Ray Bradbury on Film: The Best of the Sci Fi Master’s Movies and TV Shows

Several of the iconic science fiction writer's books and stories have been remade for the screen. Here's a look at the most memorable.

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Ray Bradbury, the iconic science fiction writer, has died at the age of 91. The author penned some of the most memorable fantasy stories of the 40s and 50s and helped elevate writing science fiction from pulp to a recognized art form. He is the author of more than 27 novels and story collections — most famously “The Martian Chronicles,” “Fahrenheit 451,” “Dandelion Wine” and “Something Wicked This Way Comes” — and more than 600 short stories.

(MORE‘Fahrenheit 451′ Author Ray Bradbury Dies at 91)

In his tales, the author created vast and memorable worlds based in harrowing visions of the future or distant worlds. Understandably Hollywood frequently turned to the author’s vivid flights of fantasy for ideas. Here are some of the best movies and television shows based on Bradbury’s works:

1. It Came from Outer Space (1953) 

This movie, based on Bradbury’s story — spaceship crashes in Arizona, aliens assume forms of Earthlings — was Invasion of the Body Snatchers before that 1956 classic (or the 1954 Jack Finney novel it was based on) even existed. Bonus points for the very good use of 3D from ace scifi director Jack Arnold.

2. The Beast from 20,000 Fathoms (1953)

This Eugene Lourie film was Godzilla before Godzilla: an atomic blast awakens a dinosaur that terrorizes New York City, with great early stop-motion effects work by Ray Harryhausen.

3. Moby Dick (1956)

Bradbury penned the screenplay for this adaptation of the classic Melville novel — despite the fact he’d never finished the book. He finally read it 150 times (according to one of his retellings), then shouted, “I am Herman Melville!” and polished off the script that day. Director John Huston drove Bradbury nuts toward the end, but the author got his revenge, writing a novel (Green Shadows, White Whale) and a short story (“Banshee”) about the experience.

4. Fahrenheit 451 (1966)

The only work that Bradbury would call science fiction (he preferred the title “fantasy” for his books) the film was directed by French auteur Francois Truffaut and starred Julie Christie, Cyril Cusack and Oskar Werner. Based in a dystopian future, the story follows a fireman whose duty is to destroy all books, but begins to question his task.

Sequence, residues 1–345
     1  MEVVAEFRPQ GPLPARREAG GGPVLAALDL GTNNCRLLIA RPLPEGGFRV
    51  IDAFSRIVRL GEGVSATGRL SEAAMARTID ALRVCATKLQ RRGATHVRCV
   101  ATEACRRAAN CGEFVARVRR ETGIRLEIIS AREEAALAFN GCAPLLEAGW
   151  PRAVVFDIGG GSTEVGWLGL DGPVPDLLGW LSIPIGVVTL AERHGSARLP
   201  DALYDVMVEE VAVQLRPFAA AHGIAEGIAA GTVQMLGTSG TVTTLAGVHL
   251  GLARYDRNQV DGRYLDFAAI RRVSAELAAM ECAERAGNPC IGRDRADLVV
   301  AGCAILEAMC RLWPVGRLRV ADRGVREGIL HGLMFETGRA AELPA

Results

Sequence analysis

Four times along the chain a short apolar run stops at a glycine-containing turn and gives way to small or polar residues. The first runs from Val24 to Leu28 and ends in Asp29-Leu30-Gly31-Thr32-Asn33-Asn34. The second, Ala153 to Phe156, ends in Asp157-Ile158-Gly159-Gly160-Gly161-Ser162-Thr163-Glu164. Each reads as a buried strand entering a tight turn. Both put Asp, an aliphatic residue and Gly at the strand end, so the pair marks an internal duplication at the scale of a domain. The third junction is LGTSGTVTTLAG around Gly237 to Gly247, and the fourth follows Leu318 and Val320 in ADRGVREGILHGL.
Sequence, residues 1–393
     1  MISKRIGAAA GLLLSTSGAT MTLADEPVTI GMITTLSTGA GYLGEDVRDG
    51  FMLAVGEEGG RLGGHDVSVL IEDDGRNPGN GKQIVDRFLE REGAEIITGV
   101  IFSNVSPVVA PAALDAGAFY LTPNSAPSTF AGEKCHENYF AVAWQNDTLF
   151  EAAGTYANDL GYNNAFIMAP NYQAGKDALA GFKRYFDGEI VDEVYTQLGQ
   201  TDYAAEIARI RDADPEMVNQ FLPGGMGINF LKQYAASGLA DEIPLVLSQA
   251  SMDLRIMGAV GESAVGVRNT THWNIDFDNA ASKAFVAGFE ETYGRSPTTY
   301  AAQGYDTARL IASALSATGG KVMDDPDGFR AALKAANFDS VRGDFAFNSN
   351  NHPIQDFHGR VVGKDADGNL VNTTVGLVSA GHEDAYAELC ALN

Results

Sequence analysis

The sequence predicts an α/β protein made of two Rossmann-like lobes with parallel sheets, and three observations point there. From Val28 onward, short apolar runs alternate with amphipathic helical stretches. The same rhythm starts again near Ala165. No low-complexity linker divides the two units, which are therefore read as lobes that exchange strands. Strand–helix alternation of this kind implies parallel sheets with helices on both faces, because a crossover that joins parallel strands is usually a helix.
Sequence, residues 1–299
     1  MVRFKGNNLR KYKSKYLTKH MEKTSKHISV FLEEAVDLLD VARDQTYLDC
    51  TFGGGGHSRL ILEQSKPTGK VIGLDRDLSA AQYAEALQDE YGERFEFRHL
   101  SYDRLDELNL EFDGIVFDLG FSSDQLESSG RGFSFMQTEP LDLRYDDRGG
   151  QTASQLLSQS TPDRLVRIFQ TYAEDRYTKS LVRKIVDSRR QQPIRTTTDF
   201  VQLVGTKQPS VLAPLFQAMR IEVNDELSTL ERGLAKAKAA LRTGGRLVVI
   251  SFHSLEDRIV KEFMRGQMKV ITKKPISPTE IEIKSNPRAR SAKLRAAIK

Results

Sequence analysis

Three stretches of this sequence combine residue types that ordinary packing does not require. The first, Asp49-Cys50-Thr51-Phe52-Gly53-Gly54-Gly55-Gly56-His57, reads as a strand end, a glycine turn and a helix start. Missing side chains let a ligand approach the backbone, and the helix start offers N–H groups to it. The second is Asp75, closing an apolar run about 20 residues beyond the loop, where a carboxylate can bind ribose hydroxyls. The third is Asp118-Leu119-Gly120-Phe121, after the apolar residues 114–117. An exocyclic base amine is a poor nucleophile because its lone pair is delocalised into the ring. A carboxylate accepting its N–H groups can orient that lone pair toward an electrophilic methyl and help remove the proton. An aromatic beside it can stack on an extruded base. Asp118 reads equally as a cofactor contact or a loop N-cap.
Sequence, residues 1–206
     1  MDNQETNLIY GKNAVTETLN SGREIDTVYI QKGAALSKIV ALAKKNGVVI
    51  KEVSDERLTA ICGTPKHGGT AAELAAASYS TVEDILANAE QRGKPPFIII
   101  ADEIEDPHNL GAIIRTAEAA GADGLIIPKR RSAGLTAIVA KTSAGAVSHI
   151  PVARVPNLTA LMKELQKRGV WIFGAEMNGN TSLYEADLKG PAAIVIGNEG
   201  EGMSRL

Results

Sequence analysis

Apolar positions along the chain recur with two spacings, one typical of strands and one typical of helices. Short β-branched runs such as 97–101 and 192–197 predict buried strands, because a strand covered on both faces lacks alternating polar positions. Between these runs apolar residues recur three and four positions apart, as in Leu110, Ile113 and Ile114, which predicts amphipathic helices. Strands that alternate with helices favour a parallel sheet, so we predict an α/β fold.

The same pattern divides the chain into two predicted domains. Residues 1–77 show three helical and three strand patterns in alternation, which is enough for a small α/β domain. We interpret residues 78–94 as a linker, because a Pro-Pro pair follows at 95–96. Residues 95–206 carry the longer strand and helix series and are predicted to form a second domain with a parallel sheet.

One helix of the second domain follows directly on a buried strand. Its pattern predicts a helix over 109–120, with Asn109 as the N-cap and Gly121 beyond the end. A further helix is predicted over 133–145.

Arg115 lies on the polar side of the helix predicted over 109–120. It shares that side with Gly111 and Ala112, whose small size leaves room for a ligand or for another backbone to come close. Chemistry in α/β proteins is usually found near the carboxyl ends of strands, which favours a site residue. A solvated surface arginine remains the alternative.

5. The Illustrated Man (1969)

Based on Bradbury’s novel, the movies’ primal tattooed dude (Rod Steiger), whose “skin illustrations” give visions of the future to those who look at them. Directed by Jack Smight.

6. The Martian Chronicles (1980)

Rock Hudson, Bernadette Peters, and Roddy McDowell are sent to Mars to colonize the red planet against the wishes of the inhabitants. While according to one biographer, Bradbury found the miniseries “just boring,” the rest of us enjoyed watching the conflict between the Martians and the earthlings.

7. The Electric Grandmother (1982)

Based on Bradbury’s story “I Sing the Body Electric”, Maureen Stapleton stars as a gentle, ageless grandmother who brings love to a motherless little girl.

8. Something Wicked This Way Comes (1983)

The Disney-made horror movie tells the dark tale of a mysterious traveling carnival that comes to town. Led by the ominously tattooed Mr. Dark, the circus lures townsfolk to their doom by promising to fulfill their childhood desires.

9. The Jar (1964 and 1986)

A short story about a rube who buys a weird specimen in a jar, this was filmed twice for Alfred Hitchcock TV shows: the first in 1964, directed by Norman Lloyd (the 97-year-old star of this year’s Cannes Film Festival); the second, in 1986, directed by Tim Burton (between the feature films Pee-wee’s Big Adventure and Beetlejuice).

10. The Ray Bradbury Theater (1985-1992)

Each episode of The Ray Bradbury Theater started with the author in his office studying his mementos. He wrote 65 episodes, many of which were based on his stories, for the syndicated series that ran from 1985 to 1992.

MOREFrom TIME’s Archive: Ray Bradbury on Literature, Big Government and Jumping Off Cliffs

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